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HANFORD — The Community Emergency Response Team (CERT) program just finished its second round of training and preparing citizens for any emergency that may happen.

The goal of CERT, a joint effort by the Hanford Police Department and Hanford Fire Department, is to empower citizens and teach them how to help their families and neighbors during small- or large-scale emergencies or natural disasters.

CERT’s basic training courses include:

  • Disaster preparedness
  • Fire safety and suppression
  • Light search and rescue
  • Disaster medical operations
  • Terrorism
  • Incident command system
  • Disaster psychology
  • Disaster simulation exercise

The coordinators of the program are Hanford Police Sgt. Stephanie Huddleston and Cpl. Richard Pontecorvo. The training comes from the Federal Emergency Management Agency (FEMA) and is provided to the team by firefighter Scott Mellon, who is certified in the training.

Training is a mix of classroom and hands-on training and features guest speakers like HPD Cpl. Jason Gustin, who spoke about different facets of terrorism.

Sgt. Huddleston said the program is beneficial for the departments and public safety as a whole, so she appreciates those who decide to join.

Volunteers like Don Wright and Mike Huddleston, Sgt. Huddleston’s husband, decided to go through the program with the simple goal of giving back to their community by learning something that could help their families and neighbors, not to mention the busy police and fire departments.

From what to do with a downed power line to the steps of triage — quickly assessing a victim and making a decision on how to treat them — Wright said the entire program was a good learning process.

Another thing he enjoyed about the program was just meeting new people who also wanted to be involved in the community and working as a team.

The volunteers put their new skills to the test at the end of the program, when they complete a disaster scenario-based exam.

The second program cohort went through their simulated disaster test over the weekend, where they put out a small fire, entered a building containing victims, assessed and treated the victims and evacuated the building.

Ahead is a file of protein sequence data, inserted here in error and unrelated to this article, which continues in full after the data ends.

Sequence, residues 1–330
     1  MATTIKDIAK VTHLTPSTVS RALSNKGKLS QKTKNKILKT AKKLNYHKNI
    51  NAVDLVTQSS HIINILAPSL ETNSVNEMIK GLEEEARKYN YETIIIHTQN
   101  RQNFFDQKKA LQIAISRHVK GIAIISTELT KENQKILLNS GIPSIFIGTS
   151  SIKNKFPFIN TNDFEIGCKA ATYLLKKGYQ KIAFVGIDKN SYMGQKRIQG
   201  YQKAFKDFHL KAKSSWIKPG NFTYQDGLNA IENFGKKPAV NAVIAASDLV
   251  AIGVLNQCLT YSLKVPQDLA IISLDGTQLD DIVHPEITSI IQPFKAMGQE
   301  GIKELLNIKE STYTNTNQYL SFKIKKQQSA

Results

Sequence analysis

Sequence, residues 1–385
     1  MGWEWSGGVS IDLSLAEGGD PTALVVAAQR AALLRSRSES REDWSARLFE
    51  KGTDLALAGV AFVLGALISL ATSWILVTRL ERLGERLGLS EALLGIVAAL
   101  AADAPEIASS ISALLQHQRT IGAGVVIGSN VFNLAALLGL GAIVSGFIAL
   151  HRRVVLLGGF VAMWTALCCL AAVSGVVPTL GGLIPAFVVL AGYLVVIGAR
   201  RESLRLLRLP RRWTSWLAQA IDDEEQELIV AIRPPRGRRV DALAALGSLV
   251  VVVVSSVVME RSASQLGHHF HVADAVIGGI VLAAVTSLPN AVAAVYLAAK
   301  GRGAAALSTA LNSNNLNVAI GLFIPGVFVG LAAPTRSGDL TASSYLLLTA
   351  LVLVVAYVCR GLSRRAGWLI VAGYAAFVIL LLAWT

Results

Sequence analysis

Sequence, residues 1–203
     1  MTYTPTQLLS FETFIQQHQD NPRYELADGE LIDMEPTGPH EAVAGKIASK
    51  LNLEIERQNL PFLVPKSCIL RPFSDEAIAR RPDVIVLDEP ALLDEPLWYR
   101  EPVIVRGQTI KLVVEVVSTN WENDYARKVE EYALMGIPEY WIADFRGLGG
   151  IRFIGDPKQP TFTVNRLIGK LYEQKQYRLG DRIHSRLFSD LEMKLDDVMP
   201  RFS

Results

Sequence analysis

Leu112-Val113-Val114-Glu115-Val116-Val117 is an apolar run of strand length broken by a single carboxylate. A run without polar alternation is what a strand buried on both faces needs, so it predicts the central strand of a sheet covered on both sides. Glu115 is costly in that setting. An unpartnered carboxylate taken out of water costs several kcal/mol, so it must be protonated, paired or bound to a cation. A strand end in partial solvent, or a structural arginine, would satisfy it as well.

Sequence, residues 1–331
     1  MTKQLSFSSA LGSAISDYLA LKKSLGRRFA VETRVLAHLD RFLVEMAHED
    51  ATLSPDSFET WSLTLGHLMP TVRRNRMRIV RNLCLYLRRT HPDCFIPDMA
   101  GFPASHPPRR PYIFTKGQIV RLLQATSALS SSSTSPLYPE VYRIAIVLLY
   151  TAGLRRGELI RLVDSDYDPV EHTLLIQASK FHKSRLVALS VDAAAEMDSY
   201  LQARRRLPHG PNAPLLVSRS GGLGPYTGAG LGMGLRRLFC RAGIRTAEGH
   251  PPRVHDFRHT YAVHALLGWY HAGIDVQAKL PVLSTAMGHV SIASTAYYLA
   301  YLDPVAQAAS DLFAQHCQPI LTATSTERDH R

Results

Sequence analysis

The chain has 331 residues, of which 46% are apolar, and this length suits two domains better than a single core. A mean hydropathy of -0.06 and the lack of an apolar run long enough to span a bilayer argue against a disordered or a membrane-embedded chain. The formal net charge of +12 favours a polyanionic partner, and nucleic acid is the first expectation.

The program can be used just for an individual’s own personal education, but those who go through the program can also sign up to be volunteers for the departments.

Sgt. Huddleston said all 15 people who went through the program decided to become volunteers. They will continue to do one training session per month and will be on call in case something happens and they are needed.

Mike Huddleston said he strongly encourages all people to go through the training because you never know when something might happen, and it’s good to be prepared in the midst of what could be chaos.

“It goes hand in hand with life,” he said.

Along with the knowledge, Mike Huddleston said he also enjoyed seeing the positive side of law enforcement. Wright thanked Huddleston, Pontecorvo, Mellon and Hanford Police Chief Parker Sever for implementing the program in Hanford and making it a success.

“It’s a great program and I’m looking forward to seeing it grow,” Mike Huddleston said.

Speaking of growing, Sgt. Huddleston was excited to announce that Sever had applied for a grant from Homeland Security and the program received $23,000. She said the money will be used for equipment and additional training for the volunteers, like CPR and first aid.

Sgt. Huddleston said the departments will continue to do two CERT trainings per year, once in the fall and once in the spring.

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News Reporter

News reporter for The Sentinel

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